Critical Overview

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Last Updated on May 6, 2015, by eNotes Editorial. Word Count: 315

Merimee had the good fortune to be appreciated by critics and readers. Many commentators throughout the years have praised the great economy of Merimee’s narrative style, his intense evocation of locale through few words, and his ability to create stark and powerful action. These traits appear in ‘‘Mateo Falcone’’ and...

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Merimee had the good fortune to be appreciated by critics and readers. Many commentators throughout the years have praised the great economy of Merimee’s narrative style, his intense evocation of locale through few words, and his ability to create stark and powerful action. These traits appear in ‘‘Mateo Falcone’’ and endear the story to its earliest critics.

Walter Pater, an English critic writing around 1880, called Merimee’s fiction ‘‘intense, unrelieved, an art of fierce colours.’’ ‘‘Mateo Falcone’’ has, in particular, provoked admiration. Pater, for example, thought it quite possibly ‘‘the cruellest story in the world,’’ intending the description as a compliment.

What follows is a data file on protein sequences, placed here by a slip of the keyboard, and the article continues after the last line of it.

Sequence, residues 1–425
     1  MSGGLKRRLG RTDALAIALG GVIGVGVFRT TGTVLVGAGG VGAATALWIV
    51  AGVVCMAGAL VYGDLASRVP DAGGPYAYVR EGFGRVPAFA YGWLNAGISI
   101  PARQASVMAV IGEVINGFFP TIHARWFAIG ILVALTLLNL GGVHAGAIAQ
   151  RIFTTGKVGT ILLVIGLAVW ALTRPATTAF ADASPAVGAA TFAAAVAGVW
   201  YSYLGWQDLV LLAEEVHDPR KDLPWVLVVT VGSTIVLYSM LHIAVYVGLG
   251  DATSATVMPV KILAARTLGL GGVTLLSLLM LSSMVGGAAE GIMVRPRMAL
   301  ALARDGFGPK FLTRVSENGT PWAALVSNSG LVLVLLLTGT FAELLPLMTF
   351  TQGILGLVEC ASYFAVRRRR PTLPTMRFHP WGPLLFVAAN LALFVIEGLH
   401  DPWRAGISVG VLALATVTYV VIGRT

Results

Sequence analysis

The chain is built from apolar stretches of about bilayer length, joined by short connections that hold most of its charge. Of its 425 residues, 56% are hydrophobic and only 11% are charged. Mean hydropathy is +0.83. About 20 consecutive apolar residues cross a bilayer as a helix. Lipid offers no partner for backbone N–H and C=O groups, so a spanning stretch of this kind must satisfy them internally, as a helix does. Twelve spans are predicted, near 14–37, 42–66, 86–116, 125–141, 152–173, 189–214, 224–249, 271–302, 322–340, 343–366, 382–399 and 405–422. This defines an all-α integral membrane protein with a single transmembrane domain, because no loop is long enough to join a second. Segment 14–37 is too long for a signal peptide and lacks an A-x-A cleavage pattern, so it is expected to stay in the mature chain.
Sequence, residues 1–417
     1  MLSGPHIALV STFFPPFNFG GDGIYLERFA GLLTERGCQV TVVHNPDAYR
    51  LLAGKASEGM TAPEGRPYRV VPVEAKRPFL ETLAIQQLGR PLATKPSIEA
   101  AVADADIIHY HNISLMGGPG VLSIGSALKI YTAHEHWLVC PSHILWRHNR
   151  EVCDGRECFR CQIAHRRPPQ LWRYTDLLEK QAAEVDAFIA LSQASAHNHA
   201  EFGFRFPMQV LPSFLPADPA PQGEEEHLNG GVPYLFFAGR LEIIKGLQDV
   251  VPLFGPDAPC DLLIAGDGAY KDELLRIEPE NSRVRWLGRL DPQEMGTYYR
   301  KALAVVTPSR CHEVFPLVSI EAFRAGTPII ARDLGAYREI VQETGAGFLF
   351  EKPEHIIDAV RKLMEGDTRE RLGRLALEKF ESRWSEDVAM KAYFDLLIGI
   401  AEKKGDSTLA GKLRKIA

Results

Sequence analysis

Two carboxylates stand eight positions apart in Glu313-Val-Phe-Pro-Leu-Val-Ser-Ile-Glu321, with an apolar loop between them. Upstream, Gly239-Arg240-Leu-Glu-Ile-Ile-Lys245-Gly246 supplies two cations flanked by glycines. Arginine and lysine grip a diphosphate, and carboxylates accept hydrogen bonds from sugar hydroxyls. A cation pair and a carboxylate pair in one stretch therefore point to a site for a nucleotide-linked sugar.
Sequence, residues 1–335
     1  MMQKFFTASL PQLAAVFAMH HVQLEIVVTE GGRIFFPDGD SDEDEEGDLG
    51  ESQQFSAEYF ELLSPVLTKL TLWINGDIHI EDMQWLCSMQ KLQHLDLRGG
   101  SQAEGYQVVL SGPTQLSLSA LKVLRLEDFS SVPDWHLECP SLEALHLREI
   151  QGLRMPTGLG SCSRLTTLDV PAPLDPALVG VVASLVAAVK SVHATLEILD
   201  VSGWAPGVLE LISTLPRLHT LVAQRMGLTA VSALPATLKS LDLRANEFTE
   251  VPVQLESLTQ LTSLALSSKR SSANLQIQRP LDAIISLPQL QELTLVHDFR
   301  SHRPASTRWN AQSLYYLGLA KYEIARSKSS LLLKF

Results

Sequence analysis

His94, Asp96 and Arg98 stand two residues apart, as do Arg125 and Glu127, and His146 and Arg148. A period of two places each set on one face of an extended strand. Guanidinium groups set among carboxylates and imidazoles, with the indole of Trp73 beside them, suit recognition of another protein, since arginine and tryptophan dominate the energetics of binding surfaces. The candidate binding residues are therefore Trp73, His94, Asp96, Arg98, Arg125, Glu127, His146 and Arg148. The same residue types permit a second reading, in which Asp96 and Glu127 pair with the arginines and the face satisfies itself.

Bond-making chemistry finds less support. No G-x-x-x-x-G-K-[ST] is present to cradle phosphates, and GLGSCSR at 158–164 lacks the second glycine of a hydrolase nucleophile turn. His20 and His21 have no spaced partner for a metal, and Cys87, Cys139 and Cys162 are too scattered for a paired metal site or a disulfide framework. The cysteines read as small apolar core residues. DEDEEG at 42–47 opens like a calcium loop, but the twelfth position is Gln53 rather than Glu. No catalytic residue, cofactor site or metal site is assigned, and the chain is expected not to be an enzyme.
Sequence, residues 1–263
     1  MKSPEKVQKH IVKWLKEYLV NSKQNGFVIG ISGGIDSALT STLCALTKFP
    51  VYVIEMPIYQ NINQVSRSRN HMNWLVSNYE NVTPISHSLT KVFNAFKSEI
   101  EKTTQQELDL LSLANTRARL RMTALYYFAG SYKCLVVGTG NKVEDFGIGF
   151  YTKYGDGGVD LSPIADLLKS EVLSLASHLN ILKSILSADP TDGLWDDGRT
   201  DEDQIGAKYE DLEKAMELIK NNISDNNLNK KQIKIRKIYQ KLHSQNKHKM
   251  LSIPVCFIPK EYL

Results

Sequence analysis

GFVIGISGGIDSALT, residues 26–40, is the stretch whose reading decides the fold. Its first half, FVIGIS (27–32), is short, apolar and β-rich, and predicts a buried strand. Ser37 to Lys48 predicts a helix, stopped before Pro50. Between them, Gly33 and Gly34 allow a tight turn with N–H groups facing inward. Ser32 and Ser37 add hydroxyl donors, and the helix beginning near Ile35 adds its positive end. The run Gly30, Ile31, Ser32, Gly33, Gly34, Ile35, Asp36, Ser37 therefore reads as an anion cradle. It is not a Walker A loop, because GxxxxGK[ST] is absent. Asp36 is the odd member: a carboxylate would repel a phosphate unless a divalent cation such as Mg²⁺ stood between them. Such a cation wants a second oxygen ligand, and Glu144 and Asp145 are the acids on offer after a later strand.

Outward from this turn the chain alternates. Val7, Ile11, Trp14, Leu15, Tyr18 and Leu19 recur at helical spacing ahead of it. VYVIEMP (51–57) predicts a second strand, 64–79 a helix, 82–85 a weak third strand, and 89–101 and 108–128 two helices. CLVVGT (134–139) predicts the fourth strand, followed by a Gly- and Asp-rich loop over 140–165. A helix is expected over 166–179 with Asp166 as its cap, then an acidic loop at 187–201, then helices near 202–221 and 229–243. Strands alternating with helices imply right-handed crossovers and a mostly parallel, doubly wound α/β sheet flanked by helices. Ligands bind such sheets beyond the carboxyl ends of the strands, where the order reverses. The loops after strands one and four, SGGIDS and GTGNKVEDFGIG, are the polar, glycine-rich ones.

Critics have cited the classical qualities of ‘‘Mateo Falcone,’’ as in A. W. Raitt’s 1970 comment that the story ‘‘obeys the unities as strictly as any classical tragedy.’’ For Maxwell H. Smith (1972), the story represents Merimee’s ‘‘first dazzling success’’ and constitutes a ‘‘brief tale condensed into a dozen pages . . . sufficient to confirm the literary reputation’’ of its creator.

Smith’s reading of the tale exemplifies the typical interpretation, for Smith refers to ‘‘the tragic loneliness of Mateo after the sacrifice of his beloved son,’’ a remark which subtly justifies the killing, at least, so to speak, in its context. The typical reading is thus one that discusses the social code depicted in the story, particularly the role of vendetta. One might call this recurrent reading the ‘‘ethnological reading’’ in that it takes the position of a noninvolved and non-judgmental observer of a particular ethnic ‘‘way of life.’’ Merimee’s original subtitle, ‘‘Les moeurs de Corse,’’ or ‘‘The Ways (or Manners) of Corsica,’’ perhaps influences critics to take this stance.

Some critics have examined the detached and alienated narrative voice of the narrator in the story. Raitt and Albert J. George, for example, both comment on the narrator’s detachment, a trait noted previously by Hippolyte Taine and Pater in the nineteenth century.

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Essays and Criticism